Chronic Disease Burden and the Impact on Nursing Practice in South Texas

Sunday, 30 July 2017

Jean Dowling Dols, PhD
Mary M. Hoke, PhD
Karen L. Weis, PhD
M. Danielle Gunter, PhD
Ila Faye Miller School of Nursing & Health Professions, University of the Incarnate Word, San Antonio, TX, USA


Chronic diseases are the leading causes of death in the United States, with 45% of the population having at least one chronic disease.1 Americans aged 65+ with one or more chronic disease has risen from 86.9% in 1998 to 92.2% ten years later in 2008.2 The healthcare costs associated with treatment of chronic diseases accounts for almost 99% of the total Medicare spending and 83% of Medicaid spending.3 It is anticipated that by 2025, chronic diseases will affect about half of the population.3

Understanding the patterns of health and chronic disease burden by region is important in order to provide nurses appropriately prepared to address the regional issues of health and chronic illness. Today’s graduates are expected to understand broad concepts and assess evidence-based information rather than just memorize facts. Applying information and knowledge to specific nursing situations requires well-developed curriculum that aligns with local and regional individual and population health needs. Understanding the disease burden by region is essential to develop appropriate nursing curricula with pertinent exemplars for this unique patient and nursing population.4

The 43 South Texas counties included in the study’s region are predominately rural (n =28, 65%), with a substantial number considered border counties (n=17, 39.5%) on the U.S. border of Mexico.5 While the global burden of disease has been reported, the results primarily reflect 2010 data and do not provide a perspective of regional disease burden.6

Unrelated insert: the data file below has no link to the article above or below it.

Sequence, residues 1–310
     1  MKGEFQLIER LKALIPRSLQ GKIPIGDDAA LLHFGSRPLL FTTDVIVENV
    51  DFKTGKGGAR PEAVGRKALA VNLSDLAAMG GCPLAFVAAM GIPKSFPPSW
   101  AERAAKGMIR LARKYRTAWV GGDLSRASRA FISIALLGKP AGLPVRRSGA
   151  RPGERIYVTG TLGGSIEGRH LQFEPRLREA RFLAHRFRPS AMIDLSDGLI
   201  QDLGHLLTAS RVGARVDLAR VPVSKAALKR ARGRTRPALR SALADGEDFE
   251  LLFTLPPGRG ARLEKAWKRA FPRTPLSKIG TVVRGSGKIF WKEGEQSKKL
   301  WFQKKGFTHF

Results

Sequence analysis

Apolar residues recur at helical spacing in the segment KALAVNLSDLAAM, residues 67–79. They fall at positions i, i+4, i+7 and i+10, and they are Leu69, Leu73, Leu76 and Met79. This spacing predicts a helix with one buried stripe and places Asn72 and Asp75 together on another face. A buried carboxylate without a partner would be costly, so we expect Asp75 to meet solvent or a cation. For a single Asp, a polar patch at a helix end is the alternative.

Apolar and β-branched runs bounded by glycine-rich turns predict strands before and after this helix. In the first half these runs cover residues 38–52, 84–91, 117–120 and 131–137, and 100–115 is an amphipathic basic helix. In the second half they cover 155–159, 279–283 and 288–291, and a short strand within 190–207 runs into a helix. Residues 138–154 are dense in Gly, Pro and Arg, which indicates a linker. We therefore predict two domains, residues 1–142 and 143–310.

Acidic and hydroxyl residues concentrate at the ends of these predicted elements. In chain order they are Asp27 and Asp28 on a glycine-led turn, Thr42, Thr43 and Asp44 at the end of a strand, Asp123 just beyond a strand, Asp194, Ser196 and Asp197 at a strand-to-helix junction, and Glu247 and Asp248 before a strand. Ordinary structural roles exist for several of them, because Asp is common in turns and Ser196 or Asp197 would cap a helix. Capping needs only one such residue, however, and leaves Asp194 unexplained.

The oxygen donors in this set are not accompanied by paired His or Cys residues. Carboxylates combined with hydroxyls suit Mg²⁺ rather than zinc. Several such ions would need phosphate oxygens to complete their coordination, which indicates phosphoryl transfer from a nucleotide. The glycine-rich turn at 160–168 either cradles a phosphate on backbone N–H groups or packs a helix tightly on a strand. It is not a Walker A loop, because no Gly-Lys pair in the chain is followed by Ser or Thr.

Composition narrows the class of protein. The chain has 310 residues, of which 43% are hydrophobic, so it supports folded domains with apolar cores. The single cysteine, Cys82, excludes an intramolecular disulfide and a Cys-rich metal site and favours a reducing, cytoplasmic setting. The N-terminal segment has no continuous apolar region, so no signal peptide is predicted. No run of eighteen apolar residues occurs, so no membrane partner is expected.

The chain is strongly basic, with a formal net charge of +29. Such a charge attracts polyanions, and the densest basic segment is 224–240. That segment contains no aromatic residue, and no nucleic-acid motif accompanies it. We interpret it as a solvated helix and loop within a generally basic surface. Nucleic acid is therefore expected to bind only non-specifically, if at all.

The purpose of this study is to describe the scope and change in chronic disease burden across 43 counties in South Texas for a 10-year period in order to systematically assess health and chronic disease shifts to identify appropriate exemplars and continually assess and update nursing curriculum for a concept-based nursing curriculum.


De-identified data from the Texas Healthcare Information Collection (THCIC) will be used to determine the scope and the change in chronic disease burden across 43 counties in South Texas from 1st Quarter 2005 to 1st Quarter 2015.7 The THCIC database, built with healthcare data collected by the THCIC, a department within the Department of Health & Human Services (DSHS), was created in 1995 by the Texas Legislature.7 The data reports healthcare activity in Texas hospitals and health maintenance organizations. THCIC data contains the billing information for all inpatient admissions, excluding exempt facilities, including demographic data, hospital, admission/discharge information, payment information, principal and secondary diagnoses, E-codes, MS DRGs, charges, physician data, and a unique patient identifier. THCIC data also contains the emergency room utilization and charge procedure codes.

Hospitalizations for the disease codes of Diabetes, Coronary Artery Disease, COPD, arthritis, depression, cirrhosis, chronic kidney disease, respiratory tract infections, asthma, and stroke will be reviewed. Data will be exported from the THCIC database to SPSS version 21.

Descriptive statistics will be used to describe the disease categories. Differences between 2005 and 2015 disease burden by category will be analyzed with paired t-tests. Comparisons of disease burden with the presence of greater numbers of licensed nurses will be compared using parametric testing including Pearson's r.


Results are pending the completion of the data analysis in January 2017.


As schools of nursing struggle with increasing educational content requirements while also being urged to create seamless transitions to the workforce, there is a need for innovative approaches focused on the healthcare needs of the populations in which the students will most likely be immersed. This requires detailed knowledge and understanding of the chronic disease burden affecting the region in which the nursing schools reside. The results from this study will inform the faculty and administration of healthcare needs and priorities for the region. Exemplars for the 22 nursing programs in South Texas counties may then be focused on the change in disease burden.